and  consistant.   This  is  also a departure from the TOPS-10

     Parameter block (one page maximum):

         |   TOTAL LENGTH   |  FUNCTION CODE   | header
         |                  0                  |  (flags,,suffix)
         |                  0                  |  (ACK code)
         |                  0                  |  (flag word)
         |       NUMBER OF ARGUMENT BLOCKS     |
         |      LENGTH      |  ARGUMENT TYPE   | first user argument
         |-------------------------------------|    block
         \           ARGUMENT DATA             \
         |                                     | additional argument
         |                  .                  |    blocks
         |                  .                  |

     Actual contents (from GLXMAC;  only info of interest):

     Word       Field           Contents/value
     ----       -----           --------------

     0 (.MSTYP) B0-B17(MS.CNT)  Total length of the message
     [was .QJLTY]                 (including this header word)
                B18-B35(MS.TYP) Function code
     1 (.MSFLG) B0-B17          Message flags
     [was .QJMB1]
                 1B0 (MF.ACK)   Acknowledgment requested
                 1B1 (MF.NOM)   An acknowledgment message
                B18-B35(MF.SUF) Suffix for text (not set)
     2 (.MSCOD)                 Acknowledgment code
     [was .QJMB2]
                                                                     Page 6

     3 (.OFLAG)                 Flag word
     [was .QJMB3]
     4 (.OARGC)                 Argument block count
     [was .QJMBC]
     5 (.OHDRS)                 Length of header information and
     [was .QJFNC]                 beginning of argument blocks

                        ARGUMENT BLOCKS
     0 (ARG.HD) B0-B17(AR.LEN)  Length of argument block
                                  (including this header word)
                B18-B35(AR.TYP) Argument type
     1 (ARG.DA)                 Beginning of data for argument


         The ACK code word contains the job  number  of  the  job  that
         issued  the  QUEUE% JSYS.  This is because in those situations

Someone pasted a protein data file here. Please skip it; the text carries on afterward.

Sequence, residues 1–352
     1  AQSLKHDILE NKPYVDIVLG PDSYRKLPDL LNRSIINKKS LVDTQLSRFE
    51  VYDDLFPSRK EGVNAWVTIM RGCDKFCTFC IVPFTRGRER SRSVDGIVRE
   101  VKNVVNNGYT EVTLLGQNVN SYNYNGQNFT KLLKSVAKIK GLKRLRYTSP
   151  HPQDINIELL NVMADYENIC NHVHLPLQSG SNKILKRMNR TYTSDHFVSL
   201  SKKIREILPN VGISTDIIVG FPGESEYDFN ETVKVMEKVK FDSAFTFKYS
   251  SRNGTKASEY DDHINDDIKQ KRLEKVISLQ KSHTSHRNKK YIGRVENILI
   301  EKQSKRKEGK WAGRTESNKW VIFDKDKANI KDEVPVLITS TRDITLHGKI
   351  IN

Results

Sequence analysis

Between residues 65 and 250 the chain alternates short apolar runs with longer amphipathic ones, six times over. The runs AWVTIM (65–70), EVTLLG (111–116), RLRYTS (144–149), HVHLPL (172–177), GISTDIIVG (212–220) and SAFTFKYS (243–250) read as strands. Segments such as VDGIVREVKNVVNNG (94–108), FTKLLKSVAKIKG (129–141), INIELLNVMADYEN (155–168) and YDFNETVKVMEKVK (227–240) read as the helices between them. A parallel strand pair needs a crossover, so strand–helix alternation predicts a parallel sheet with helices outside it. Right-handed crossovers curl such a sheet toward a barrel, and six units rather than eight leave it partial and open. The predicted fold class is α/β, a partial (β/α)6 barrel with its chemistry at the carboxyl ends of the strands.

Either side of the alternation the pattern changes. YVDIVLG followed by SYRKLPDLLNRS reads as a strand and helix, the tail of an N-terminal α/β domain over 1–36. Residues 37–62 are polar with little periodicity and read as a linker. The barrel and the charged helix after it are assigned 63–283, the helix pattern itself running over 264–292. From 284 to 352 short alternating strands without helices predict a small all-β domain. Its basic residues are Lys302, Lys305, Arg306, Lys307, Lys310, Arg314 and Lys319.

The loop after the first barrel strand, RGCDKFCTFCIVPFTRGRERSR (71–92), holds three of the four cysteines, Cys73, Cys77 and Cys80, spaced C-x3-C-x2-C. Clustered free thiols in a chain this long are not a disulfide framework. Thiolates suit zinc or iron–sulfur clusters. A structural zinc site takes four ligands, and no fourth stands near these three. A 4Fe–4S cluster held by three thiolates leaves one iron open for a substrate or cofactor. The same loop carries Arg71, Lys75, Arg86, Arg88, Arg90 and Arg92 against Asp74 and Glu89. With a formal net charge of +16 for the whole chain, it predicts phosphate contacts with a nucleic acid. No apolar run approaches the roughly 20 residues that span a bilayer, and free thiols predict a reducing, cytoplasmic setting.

where no response is requested, the PID  of  the  job  may  be
         released  before  GALAXY  has  a  chance to get the job number
         associated with the PID.

     4.2  Response Block Received By Monitor

     Once the message is processed by the  component,  a  response  message
     will be provided if requested.  That message will have the same format
     as the message sent by the monitor.  In this case, the flag indicating
     acknowledgment  will  be  set  and one argument block, a text argument
     block containing  the  textual  response,  will  be  included  in  the


     Argument blocks have the following general format:

         |                                     |
         |I|    LENGTH      |  ARGUMENT TYPE   |
         |           VALUE OR ADDRESS          |
         |                                     |

     where I is a bit to indicate an immediate argument, LENGTH  is  length
     of  the  actual  argument  (1  if immediate), ARGUMENT TYPE is what it
     claims to be, and VALUE OR ADDRESS is the value of the argument  if  I
     is set or the address of the argument if I is not set.
                                                                     Page 7

     The following sections describe in detail each of the argument blocks.
     Note  that  in  the example blocks, if a one word entry is appropriate
     for  the  actual  argument  value,  only  that  format  is  displayed.
     However, in actual use even a one word argument can be identified with